Afrocarpus (Buchh. & E. Gray) C.N. Page



Article sources

New Trees

The six species of Afrocarpus occur in the montane forests of eastern, central and southern Africa, from Ethiopia south to the Cape. There is also one species in Madagascar (A. gaussenii (Woltz) C.N. Page) and one on the islands of the Gulf of Guinea (A. mannii (Hook. f.) C.N. Page). Afrocarpus species are large, dioecious, columnar, evergreen conifers. The branchlets are often square in section and deeply ridged. The leaves are flattened, narrowly lanceolate to elliptic, amphistomatic, and with a single midrib. They are spirally arranged, leathery with hard, acute to acuminate apices, and range in size from 2.5–15 cm long. Male strobili are solitary or rarely in groups of two to three, on short, naked, axillary peduncles. Female cones are solitary, terminal on short, naked or leafy axillary branchlets, subglobose to obovoid, enclosed in a fleshy, yellowish green to purplish black epimatium. The outer layers of the seed coat form a hard, woody shell, giving the cone a drupe-like structure (Page 1988).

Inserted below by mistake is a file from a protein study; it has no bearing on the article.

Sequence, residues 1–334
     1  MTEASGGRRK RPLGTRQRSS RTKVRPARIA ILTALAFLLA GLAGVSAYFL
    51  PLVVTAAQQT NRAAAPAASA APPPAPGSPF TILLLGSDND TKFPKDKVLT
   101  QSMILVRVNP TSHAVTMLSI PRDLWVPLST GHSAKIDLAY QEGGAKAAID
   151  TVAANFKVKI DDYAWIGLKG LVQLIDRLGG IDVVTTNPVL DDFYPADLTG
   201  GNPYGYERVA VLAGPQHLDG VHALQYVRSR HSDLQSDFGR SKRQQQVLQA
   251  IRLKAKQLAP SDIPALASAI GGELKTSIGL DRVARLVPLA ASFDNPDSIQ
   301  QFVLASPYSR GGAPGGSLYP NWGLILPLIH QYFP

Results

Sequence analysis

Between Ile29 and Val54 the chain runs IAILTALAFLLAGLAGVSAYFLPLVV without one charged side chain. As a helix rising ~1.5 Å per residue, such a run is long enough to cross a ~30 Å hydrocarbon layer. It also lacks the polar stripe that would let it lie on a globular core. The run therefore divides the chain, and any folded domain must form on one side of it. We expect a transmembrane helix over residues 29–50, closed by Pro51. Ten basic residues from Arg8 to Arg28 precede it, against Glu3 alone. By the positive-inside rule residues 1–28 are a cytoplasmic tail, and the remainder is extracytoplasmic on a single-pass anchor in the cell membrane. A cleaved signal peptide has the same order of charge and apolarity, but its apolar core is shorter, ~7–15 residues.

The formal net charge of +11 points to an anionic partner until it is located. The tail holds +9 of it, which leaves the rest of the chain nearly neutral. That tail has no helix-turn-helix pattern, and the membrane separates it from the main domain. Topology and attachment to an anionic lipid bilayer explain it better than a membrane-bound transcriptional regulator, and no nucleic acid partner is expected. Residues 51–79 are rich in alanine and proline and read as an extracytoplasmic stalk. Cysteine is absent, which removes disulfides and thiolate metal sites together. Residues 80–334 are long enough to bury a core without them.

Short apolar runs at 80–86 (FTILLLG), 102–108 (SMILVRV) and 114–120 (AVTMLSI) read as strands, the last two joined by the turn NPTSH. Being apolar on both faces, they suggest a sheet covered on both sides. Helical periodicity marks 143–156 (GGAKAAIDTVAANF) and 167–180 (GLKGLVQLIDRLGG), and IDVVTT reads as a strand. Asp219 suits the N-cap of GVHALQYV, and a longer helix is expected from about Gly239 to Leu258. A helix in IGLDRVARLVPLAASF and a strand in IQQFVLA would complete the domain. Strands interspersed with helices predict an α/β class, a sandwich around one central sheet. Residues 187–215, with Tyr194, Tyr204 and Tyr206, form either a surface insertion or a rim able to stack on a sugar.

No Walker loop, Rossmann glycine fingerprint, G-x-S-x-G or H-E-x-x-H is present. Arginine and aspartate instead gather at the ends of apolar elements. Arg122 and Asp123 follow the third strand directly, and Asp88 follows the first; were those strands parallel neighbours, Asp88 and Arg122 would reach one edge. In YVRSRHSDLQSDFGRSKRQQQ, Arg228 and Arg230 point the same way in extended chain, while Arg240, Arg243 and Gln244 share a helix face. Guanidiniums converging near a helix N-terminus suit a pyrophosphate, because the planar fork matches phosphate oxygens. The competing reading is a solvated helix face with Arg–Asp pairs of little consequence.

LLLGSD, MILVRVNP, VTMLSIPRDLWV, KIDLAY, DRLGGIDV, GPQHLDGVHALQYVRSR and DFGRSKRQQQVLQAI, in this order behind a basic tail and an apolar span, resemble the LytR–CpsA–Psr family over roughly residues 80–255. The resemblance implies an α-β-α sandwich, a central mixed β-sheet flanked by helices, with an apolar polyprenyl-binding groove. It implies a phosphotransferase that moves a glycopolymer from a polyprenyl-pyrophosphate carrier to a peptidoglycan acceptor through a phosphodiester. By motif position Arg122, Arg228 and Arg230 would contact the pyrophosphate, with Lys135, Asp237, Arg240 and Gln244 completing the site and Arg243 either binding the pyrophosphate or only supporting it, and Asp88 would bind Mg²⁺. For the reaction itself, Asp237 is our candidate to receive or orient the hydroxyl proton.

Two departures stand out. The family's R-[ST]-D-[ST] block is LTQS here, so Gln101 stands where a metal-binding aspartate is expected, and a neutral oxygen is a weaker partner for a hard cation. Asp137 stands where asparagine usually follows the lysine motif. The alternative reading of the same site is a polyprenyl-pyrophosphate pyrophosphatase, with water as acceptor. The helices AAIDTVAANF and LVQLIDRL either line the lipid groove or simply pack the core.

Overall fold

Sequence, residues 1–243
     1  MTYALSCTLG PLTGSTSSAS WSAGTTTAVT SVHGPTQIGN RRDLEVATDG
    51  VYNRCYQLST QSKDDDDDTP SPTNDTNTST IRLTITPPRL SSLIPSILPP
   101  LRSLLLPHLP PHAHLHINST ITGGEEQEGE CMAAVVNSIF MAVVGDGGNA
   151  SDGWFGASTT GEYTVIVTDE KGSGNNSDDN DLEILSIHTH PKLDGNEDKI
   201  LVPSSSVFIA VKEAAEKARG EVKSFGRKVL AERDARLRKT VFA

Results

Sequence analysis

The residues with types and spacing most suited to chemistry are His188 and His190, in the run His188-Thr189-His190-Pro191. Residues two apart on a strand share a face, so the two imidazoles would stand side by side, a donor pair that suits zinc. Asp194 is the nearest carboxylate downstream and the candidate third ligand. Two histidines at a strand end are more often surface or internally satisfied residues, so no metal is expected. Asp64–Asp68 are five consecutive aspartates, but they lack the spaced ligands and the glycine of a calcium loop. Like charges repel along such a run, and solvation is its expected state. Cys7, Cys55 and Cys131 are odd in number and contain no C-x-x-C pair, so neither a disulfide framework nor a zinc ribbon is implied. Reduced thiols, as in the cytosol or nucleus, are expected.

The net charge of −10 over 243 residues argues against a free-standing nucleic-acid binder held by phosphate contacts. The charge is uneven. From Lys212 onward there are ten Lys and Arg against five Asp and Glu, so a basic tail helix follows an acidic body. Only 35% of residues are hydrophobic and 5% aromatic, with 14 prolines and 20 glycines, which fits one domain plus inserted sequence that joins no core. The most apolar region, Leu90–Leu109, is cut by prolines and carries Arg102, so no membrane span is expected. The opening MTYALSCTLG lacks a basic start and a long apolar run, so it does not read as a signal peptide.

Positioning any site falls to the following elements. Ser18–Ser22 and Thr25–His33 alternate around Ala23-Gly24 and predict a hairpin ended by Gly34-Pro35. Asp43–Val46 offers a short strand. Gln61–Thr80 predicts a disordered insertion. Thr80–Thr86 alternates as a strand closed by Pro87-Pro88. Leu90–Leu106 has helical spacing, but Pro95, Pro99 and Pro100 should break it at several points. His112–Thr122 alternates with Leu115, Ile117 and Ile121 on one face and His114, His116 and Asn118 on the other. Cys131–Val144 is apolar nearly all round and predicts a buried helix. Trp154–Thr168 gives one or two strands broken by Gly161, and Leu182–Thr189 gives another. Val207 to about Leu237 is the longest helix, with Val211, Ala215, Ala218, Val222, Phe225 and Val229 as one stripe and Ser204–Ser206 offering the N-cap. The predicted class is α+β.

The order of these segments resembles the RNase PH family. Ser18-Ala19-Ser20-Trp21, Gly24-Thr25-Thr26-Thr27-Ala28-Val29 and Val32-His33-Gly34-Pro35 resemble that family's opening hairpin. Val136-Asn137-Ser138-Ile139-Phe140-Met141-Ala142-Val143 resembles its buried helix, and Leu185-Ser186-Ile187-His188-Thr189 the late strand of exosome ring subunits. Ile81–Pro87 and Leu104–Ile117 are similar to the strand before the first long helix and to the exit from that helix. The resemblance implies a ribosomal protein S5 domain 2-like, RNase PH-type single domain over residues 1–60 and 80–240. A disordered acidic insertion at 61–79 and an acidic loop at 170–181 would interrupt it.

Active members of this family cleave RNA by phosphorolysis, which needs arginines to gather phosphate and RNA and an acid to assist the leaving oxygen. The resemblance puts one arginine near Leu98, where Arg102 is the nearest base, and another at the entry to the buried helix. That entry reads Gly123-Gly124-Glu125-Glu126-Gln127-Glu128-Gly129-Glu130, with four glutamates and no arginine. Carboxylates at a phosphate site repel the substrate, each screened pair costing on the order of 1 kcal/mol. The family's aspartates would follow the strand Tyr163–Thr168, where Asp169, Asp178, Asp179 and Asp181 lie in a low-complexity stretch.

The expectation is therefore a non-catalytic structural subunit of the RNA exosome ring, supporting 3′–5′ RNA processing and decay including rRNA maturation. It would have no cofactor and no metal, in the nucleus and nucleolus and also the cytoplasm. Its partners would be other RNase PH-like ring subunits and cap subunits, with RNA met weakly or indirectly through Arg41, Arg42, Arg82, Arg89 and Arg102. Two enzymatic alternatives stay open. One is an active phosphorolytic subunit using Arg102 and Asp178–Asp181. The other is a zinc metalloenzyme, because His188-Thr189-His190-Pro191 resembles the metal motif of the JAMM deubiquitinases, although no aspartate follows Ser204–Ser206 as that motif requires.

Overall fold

Afrocarpus was formerly subsumed in Podocarpus, but differs in its large drupe-like fruit, lacking the arillate structure found in Podocarpus. It is rare in cultivation outside in our area, but is seen under glass in botanical gardens or in interior landscaping.

Click on the images for a larger view.

The plum-like fruit of Afrocarpus falcatus is dispersed by fruit bats, which eat the flesh covering the large hard seed. Image D. Luscombe.

Species articles